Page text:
However some government bond markets have had a great year.

The longest dated UK gilt (government bond) rose from 97.88 to 124.6. None too shabby is it? And you would have made similar good returns in US Treasury Bonds.

For the Shaun investment strategy I am particularly pleased to report that the UK’s longest-dated index-linked gilt at the turn of last year ( 1.25% 2055) rose from 132.11 to 163.57 as of last night’s close. So my punt, excuse me, considered investment strategy, in this area worked out well although sadly not quite that well. The irony is that whilst I got a return for being correct (rising inflation was hardly unexpected here) there was an extra kicker from a general rise in gilt prices which I did not expect.

So let me sign off for everyone but those with strong stomachs by wishing everyone a Happy New Year, and for those with strong stomachs there is new economic news from Greece below.

The retail trade volume index, including automotive fuel, decreased by 10.8% in October 2011 compared with October 2010. The Index in October 2010 recorded a decrease of 8.1% compared with October 2009.

The overall volume index where 2005 is 100 is at 80.8.

As the Kaiser Chiefs put it.

And oh my God, I can’t believe it
I’ve never been this far away from home

This entry was posted in Banks, Euro zone Crisis, Eurozone, General Economics, Gilts, Greek Financial Crisis, Japan's Economic Situation, Quantitative Easing and Extraordinary Monetary Measures. Bookmark the permalink.
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  • Rods

    Happy new year to you Shaun.

    It looks like we are in for a very bumpy and interesting ride, economically in 2012!

  • Grumpy Old Paul

    I too benefited from the performance of index-linked gilts via a fund. Now I have too much exposure to that asset class. Are you having a punt for 2012 ?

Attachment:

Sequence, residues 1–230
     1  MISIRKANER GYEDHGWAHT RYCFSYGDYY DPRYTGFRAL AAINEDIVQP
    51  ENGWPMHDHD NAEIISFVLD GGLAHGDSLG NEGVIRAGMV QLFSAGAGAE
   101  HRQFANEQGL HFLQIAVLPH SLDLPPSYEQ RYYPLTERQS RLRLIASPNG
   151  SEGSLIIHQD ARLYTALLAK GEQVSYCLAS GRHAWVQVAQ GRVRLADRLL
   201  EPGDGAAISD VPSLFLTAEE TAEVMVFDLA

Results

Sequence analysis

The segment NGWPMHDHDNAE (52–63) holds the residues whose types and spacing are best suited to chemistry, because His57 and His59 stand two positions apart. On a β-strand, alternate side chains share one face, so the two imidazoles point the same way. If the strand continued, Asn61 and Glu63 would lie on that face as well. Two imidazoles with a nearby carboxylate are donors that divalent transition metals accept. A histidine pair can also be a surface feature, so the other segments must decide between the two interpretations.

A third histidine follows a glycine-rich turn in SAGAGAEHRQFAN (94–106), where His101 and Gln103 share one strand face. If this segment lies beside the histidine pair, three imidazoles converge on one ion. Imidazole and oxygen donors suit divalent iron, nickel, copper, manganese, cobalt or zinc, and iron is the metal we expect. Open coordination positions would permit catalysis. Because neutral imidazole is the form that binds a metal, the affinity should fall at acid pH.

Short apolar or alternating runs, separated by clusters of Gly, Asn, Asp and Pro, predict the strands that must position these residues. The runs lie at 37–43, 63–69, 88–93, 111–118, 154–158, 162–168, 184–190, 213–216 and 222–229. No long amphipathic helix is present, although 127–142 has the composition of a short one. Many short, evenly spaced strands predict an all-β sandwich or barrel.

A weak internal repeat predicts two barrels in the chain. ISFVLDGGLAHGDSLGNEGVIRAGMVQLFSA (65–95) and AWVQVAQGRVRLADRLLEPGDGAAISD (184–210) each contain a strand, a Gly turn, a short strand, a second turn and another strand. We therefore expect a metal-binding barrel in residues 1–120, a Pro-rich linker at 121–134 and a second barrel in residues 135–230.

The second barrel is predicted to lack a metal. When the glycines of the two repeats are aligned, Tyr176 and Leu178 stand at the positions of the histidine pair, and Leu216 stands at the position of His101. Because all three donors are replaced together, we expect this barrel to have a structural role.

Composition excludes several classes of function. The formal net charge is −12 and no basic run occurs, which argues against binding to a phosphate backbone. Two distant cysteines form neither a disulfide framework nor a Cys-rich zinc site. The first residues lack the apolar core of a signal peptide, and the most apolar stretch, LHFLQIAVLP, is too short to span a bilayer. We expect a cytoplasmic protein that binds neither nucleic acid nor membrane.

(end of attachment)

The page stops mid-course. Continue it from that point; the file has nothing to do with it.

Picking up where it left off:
Seriously, in the current climate, I think that we have to be grateful for what we have and spare a thought for those less fortunate than ourselves. I feel especially for young people growing up in a harsh environment with far worse prospects than their parents or grandparents.

    A Healthy and Happy New Year to everyone!

  • Anonymous

    A splendid years work, Shaun. Have found a quotation you might like:
    ” The future, according to some scientists, will be exactly like the past, only far more expensive”. Keep up the good work!

  • Grumpy Old Paul

    “Prediction is very difficult, especially about the future.” Niels Bohr

  • Phwill77

    Where do you get your musical knowledge from?

  • Anonymous

    Nice one, G.O.P How about this from  Yogi Berra:

    “The future ain’t what it used to be…..”

  • Zak.

    Just to add to the sense of impending DOOM!!!!

    “If you want a vision of the future, imagine a boot stamping on a human face – forever.”
    George Orwell.

    Happy New Year to one and all =)


    P.S; Wheres the punctuation police already? Wheres my damn apostrophe key… !

  • JW

    Hi Shaun
    Re your point about Japan, apparently the last week has seen a record sell off of TBills by non-US. Could be Euro Banks getting dollar liquidity, but very worryingly its being speculated that China as well as Japan is getting $ for its TBills in a very risk averse move( possibly in the expectation of a war in 2012).
    The yield still fell to an all-time low in the face of this, presumably because the Fed is controlling all trades rather than expose any of this to the ‘market’. Indeed its looking like the Fed is now ‘controlling’ vast swathes of the world economy.  

  • Anonymous

    Good one, Zak – policewoman has disappeared up her semi colon!!!!